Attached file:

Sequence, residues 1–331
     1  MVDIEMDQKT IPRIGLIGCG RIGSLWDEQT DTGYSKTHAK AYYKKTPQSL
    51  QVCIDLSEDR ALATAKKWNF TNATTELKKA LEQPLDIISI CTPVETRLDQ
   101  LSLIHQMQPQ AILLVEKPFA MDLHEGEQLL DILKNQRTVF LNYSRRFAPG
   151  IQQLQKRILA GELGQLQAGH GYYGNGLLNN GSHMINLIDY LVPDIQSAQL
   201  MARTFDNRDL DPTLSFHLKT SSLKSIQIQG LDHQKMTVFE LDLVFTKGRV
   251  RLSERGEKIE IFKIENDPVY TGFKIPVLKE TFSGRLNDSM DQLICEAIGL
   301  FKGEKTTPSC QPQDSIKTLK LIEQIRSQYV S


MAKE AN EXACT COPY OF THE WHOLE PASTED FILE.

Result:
Sequence, residues 1–331
     1  MVDIEMDQKT IPRIGLIGCG RIGSLWDEQT DTGYSKTHAK AYYKKTPQSL
    51  QVCIDLSEDR ALATAKKWNF TNATTELKKA LEQPLDIISI CTPVETRLDQ
   101  LSLIHQMQPQ AILLVEKPFA MDLHEGEQLL DILKNQRTVF LNYSRRFAPG
   151  IQQLQKRILA GELGQLQAGH GYYGNGLLNN GSHMINLIDY LVPDIQSAQL
   201  MARTFDNRDL DPTLSFHLKT SSLKSIQIQG LDHQKMTVFE LDLVFTKGRV
   251  RLSERGEKIE IFKIENDPVY TGFKIPVLKE TFSGRLNDSM DQLICEAIGL
   301  FKGEKTTPSC QPQDSIKTLK LIEQIRSQYV S